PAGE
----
As long as it is reasonable, let her lead and decide what she wants to do.

When your toddler intentionally throws something on the floor or takes something apart, she is actually trying to learn the effect of her actions.

It also teaches children that mistakes and failures are important aspects of learning.

Curiosity and exploration extend throughout childhood (and should continue into adulthood too!) and can really motivate independent learning.

> Encourage play

Play inspires learning as it is already innately motivating.

Play positively and emotionally enriches any experience.

It prompts active participation and reduces stress, which are crucial to maintain one’s motivation.

> Promote self-determination

When assigning your child a task, give choices whenever possible and be flexible.

Let him decide how he wants to do it.

He will be more motivated and engaged when he is an active participant, and the task becomes personally meaningful.

> Break down goals

Smaller goals are easier to achieve, leading to steady successes.

This fosters a growth mindset and promotes self-perpetuating intrinsic motivation.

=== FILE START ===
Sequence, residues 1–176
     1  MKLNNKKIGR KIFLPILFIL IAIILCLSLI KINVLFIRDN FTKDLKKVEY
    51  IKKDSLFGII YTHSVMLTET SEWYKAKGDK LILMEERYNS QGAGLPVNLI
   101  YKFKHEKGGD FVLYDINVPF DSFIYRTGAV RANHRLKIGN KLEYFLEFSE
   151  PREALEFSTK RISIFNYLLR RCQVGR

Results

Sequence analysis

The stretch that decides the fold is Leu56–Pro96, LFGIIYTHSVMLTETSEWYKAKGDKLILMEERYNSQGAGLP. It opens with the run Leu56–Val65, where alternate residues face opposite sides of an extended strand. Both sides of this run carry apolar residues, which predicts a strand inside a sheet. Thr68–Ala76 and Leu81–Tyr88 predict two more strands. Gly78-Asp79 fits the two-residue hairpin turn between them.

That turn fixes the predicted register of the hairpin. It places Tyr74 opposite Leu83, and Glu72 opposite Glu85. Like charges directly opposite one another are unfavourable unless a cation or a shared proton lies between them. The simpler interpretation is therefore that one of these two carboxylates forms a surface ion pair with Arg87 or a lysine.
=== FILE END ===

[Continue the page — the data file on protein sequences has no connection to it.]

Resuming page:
Your child will also learn how to work towards their ultimate goal by first setting shorter term goals.

This nurtures a healthy work ethic that will go a long way in their life.

> Praise the process

Praise becomes a verbal reward if you only focus on the end result.

But by praising your child’s effort and perseverance, it reaffirms that effort is more important in one’s success than ability or talent alone.

The values nurtured by all these strategies can help your child develop the persistence, grit and courage it takes to achieve what is important to him or her.

That is intrinsic motivation.

Nevertheless, this is not to say that extrinsic motivation has no role to play in motivating your child.

As your child’s mentor, understand how both types of motivation can affect her behaviour and learn to integrate them to bring out the best in her.

It is important to remember, however, that if she is not achieving certain goals despite her best efforts, you may need to consult an expert to identify if there is an obstacle, e.g. a learning disability or developmental disorder that may need extra support.


Dr Cindy Chan Su Huay is a developmental and behavioural paediatrician. This article is courtesy of the Malaysian Paediatric Association’s Positive Parenting programme in collaboration with expert partners. For further information, please email starhealth@thestar.com.my. The information provided is for educational and communication purposes only and it should not be construed as personal medical advice. Information published in this article is not intended to replace, supplant or augment a consultation with a health professional regarding the reader’s own medical care. The Star does not give any warranty on accuracy, completeness, functionality, usefulness or other assurances as to the content appearing in this column. The Star disclaims all responsibility for any losses, damage to property or personal injury suffered directly or indirectly from reliance on such information.